Woodland man on trial for murder

Bailey accused of 2017 killing of Chase Anderson


CLEARFIELD — After four years, the case against a Woodland man charged with the murder of a Curwensville man started Tuesday in Clearfield County Court.

Chase Anderson of Curwensville was 19 years old in August 2017, when he was reported missing. His partially burned body was later recovered in a remote area of Pike Township.

In April 2018, Denny S. Bailey, now 41, of Woodland, and Kenja Kasheem Tew, now 26, formerly of Clearfield, were both charged with criminal homicide, assault, kidnap to inflict terror, conspiracy and numerous related offenses.

They are accused of taking Anderson to the location where he was found, beating him and stabbing him. In testimony at a preliminary hearing, they each blamed the other for his death.

A trial for Bailey’s case has been delayed due to the former District Attorney William A. Shaw Jr. seeking the death penalty and the COVID-19 pandemic.

In his opening statement, District Attorney Ryan Sayers described the case as “three went out, but only two came back.”

He warned the jury that there was going to be “sad, gruesome details” and admitted some of the testimony was going to be difficult.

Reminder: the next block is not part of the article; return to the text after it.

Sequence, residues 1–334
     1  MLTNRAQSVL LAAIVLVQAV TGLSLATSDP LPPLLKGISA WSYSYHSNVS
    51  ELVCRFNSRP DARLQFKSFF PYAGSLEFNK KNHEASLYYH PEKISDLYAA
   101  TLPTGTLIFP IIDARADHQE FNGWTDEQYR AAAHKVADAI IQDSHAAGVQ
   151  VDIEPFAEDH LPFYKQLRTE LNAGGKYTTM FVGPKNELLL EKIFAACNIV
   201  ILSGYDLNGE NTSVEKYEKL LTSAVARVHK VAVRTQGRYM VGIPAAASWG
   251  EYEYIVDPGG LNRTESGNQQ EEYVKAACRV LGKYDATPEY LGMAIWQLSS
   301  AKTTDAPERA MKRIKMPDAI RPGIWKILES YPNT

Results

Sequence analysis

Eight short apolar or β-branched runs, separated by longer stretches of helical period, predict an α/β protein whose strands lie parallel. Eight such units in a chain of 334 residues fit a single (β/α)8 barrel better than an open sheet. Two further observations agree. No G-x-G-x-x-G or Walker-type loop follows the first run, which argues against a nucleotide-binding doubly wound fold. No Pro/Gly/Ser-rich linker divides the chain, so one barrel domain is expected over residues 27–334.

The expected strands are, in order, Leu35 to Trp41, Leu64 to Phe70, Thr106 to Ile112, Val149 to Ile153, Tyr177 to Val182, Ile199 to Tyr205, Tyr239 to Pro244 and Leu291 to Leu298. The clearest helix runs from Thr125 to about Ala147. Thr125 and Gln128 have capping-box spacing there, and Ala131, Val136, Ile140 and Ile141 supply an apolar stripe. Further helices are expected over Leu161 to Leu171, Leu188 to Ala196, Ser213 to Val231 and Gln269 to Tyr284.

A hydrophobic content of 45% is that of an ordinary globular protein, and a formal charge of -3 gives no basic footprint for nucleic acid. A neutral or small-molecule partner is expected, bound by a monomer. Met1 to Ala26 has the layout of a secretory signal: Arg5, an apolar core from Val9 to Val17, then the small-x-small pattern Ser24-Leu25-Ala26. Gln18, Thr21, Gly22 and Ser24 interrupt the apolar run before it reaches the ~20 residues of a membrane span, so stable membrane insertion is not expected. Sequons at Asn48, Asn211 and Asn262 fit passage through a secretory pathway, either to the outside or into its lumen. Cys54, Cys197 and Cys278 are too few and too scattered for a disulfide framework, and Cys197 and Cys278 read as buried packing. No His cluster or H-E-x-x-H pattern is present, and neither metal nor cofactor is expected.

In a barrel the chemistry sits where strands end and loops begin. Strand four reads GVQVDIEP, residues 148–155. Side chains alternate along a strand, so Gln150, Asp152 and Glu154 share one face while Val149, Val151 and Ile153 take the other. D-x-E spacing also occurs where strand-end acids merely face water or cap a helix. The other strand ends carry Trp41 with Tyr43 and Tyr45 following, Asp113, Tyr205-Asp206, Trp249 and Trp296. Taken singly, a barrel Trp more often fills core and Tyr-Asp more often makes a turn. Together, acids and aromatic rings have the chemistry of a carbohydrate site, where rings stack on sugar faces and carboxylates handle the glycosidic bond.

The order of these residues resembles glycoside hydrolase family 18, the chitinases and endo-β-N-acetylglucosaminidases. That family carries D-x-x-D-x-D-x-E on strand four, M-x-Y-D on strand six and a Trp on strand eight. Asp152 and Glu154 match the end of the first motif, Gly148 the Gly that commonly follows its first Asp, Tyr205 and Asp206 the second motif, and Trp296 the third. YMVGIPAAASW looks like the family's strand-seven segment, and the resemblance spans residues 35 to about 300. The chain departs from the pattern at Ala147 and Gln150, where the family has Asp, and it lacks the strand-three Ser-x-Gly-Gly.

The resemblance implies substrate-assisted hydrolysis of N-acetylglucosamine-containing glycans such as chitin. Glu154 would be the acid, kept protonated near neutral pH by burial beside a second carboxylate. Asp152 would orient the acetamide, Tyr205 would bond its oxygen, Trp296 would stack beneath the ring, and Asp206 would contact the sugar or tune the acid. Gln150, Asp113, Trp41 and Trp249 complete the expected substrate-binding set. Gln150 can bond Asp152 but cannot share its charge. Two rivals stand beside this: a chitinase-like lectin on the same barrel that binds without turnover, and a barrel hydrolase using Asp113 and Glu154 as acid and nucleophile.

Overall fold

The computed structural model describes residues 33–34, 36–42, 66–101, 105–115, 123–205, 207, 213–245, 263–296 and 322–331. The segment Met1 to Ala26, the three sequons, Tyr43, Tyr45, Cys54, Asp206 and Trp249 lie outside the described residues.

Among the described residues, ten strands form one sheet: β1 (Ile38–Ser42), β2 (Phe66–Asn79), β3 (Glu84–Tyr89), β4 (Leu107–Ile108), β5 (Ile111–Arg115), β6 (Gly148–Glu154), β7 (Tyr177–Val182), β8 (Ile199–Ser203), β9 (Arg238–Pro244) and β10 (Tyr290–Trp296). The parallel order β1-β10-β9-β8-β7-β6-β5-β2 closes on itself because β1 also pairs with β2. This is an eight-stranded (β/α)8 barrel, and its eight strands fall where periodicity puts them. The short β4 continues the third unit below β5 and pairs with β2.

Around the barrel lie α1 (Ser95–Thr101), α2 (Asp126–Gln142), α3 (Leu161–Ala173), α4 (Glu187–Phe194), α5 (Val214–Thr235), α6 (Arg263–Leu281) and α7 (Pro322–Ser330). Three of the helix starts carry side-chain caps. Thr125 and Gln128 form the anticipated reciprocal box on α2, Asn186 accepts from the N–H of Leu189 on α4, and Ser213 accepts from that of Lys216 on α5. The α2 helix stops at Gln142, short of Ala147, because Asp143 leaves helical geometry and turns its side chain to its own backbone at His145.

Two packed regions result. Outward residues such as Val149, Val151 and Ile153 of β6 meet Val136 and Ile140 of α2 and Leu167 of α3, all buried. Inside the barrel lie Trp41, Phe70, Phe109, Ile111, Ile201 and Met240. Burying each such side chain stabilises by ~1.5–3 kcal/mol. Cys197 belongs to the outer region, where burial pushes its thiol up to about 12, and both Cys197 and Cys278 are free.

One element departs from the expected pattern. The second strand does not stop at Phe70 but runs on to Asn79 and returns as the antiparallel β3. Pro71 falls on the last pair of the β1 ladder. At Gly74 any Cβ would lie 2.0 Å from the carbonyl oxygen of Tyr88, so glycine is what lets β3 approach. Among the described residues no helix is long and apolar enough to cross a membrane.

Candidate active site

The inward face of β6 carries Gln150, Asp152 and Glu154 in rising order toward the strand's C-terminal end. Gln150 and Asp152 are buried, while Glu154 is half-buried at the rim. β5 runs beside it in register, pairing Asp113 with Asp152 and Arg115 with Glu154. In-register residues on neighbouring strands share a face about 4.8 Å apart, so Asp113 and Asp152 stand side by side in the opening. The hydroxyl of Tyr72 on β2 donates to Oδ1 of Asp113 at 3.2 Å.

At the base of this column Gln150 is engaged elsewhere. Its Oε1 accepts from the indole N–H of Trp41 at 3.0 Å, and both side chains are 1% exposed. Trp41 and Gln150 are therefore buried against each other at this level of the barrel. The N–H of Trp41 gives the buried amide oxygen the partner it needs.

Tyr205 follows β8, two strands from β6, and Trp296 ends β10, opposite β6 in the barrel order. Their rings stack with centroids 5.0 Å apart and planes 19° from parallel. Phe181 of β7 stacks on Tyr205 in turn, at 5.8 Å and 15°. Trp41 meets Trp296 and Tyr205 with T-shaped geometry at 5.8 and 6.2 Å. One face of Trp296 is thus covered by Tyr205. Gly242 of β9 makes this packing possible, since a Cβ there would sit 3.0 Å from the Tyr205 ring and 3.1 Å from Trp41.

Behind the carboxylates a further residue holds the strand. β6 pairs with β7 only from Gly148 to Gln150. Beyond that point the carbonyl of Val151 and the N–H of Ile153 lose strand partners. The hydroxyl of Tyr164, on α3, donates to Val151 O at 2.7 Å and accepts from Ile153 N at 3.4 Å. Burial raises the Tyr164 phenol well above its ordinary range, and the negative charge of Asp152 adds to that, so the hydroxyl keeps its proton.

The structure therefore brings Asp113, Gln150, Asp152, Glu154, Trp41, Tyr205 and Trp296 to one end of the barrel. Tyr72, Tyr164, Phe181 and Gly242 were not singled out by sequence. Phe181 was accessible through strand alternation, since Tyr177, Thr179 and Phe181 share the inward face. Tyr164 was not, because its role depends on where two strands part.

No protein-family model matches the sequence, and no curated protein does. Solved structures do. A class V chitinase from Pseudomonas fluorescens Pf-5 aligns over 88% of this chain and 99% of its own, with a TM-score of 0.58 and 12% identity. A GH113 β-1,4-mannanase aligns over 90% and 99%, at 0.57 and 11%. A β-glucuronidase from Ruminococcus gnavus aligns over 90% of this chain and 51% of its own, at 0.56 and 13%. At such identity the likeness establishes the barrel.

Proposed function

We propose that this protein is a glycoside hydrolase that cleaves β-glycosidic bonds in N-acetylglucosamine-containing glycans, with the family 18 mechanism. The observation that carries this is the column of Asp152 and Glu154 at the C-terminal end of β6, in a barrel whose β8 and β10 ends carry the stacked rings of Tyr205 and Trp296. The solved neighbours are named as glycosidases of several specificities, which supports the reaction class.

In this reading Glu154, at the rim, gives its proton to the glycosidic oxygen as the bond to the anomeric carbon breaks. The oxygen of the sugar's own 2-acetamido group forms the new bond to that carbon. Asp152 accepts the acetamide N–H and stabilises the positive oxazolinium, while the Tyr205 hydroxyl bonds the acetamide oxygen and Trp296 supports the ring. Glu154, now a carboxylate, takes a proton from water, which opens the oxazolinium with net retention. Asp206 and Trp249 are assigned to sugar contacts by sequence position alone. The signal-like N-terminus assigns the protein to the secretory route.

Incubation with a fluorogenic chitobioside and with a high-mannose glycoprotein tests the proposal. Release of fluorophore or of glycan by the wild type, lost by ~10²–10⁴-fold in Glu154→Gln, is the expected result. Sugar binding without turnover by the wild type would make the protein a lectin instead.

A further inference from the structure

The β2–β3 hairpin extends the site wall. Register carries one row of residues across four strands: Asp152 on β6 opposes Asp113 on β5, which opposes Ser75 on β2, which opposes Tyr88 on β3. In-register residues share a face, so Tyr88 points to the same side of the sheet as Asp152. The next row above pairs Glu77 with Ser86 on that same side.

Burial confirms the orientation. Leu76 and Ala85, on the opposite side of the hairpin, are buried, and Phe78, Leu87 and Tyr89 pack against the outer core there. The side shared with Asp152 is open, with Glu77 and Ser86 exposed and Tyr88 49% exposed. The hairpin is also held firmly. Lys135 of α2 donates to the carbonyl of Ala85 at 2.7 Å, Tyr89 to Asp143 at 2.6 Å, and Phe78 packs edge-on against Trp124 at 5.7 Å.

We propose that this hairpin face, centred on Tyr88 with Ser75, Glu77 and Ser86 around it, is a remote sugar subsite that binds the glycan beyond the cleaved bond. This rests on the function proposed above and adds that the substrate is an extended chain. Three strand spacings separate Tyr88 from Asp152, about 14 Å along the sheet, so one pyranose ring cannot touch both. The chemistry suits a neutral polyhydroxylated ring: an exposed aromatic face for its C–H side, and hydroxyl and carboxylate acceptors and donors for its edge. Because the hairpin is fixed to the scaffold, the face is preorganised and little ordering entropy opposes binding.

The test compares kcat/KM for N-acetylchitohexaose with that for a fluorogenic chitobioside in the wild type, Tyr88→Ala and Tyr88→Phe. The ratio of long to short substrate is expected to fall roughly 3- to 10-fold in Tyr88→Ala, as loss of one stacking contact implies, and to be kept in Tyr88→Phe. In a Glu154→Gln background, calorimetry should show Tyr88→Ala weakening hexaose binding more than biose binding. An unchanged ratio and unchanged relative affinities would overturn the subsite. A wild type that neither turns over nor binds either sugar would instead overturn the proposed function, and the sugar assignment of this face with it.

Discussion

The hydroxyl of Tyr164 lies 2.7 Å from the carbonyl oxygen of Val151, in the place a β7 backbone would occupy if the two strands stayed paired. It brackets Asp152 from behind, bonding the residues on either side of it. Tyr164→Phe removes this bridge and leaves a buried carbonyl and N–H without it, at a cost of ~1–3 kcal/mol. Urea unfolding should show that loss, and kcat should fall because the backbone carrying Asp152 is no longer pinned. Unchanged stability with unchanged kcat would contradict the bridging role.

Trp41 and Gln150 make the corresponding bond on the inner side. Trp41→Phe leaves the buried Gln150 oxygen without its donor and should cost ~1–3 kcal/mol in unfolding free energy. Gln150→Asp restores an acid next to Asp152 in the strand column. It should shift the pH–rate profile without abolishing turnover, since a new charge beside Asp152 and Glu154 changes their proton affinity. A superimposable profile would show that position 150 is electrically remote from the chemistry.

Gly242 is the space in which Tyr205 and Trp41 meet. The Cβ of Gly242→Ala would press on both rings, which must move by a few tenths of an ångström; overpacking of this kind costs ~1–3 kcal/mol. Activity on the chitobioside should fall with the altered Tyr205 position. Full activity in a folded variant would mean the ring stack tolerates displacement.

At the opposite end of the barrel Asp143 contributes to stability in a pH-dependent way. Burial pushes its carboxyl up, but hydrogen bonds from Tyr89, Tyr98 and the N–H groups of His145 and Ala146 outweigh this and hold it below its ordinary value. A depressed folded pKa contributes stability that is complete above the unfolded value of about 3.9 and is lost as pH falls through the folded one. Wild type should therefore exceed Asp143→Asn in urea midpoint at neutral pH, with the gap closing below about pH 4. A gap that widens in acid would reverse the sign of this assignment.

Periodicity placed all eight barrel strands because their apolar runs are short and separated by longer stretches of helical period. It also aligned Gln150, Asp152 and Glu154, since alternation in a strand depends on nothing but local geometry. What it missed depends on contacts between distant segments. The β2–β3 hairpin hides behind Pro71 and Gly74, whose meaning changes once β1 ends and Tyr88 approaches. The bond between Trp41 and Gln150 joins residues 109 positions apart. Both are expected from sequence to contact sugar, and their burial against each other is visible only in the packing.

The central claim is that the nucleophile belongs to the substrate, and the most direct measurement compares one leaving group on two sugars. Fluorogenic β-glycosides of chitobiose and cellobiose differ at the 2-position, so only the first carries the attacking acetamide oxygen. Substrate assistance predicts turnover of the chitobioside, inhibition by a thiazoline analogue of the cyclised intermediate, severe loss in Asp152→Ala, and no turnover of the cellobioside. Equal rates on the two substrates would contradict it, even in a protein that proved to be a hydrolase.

The body was identified as Anderson by matching his dental records.

The cause of death was blunt force trauma and stab wounds.

In his opening statements, defense attorney Joseph Ryan also warned there will be “disturbing images” in the course of the trial and disturbing details.

“You will hear different versions from different people” about what happened, he said.

Ryan said that Bailey is guilty of some offenses in this case but maintained that he did not kill Anderson.

He admitted Bailey did go to the scene of the crime to clean up evidence and destroyed evidence at his home, as well, because he was in love with a third co-defendant, Chantell Demi, and was trying to protect her.

Demi, 30, of Woodland, is also charged with homicide, conspiracy and related charges in the case and with reckless burning, tampering with evidence and more because she allegedly set fire to the vehicle reportedly used to transport Anderson to the scene of the crime.

Recently, a motion by Demi’s attorney to withdraw a guilty plea she signed over three years ago was granted, according to online court records. Tew’s case is still pending.

The first witness in Bailey’s nine-day trial was Anderson’s mother, Angela, who said she became concerned in August 2017 when she hadn’t heard from Chase and reported him missing.

She noted that Chase told her he was working with Bailey and he was staying with Tew in Clearfield prior to his disappearance.

Other testimony came from several police officers involved with the early investigation, which developed into a murder case.

Trooper David Patrick testified that he interviewed Bailey multiple times. An audio recording of one of the interviews was played Tuesday, during which Bailey repeatedly said he did not kill Anderson and Demi was not involved.

He stated that Anderson was “a good kid” and that he had “no ill will” toward him. He claimed Tew killed Anderson.

Two other taped interviews with Bailey are expected to be played today.


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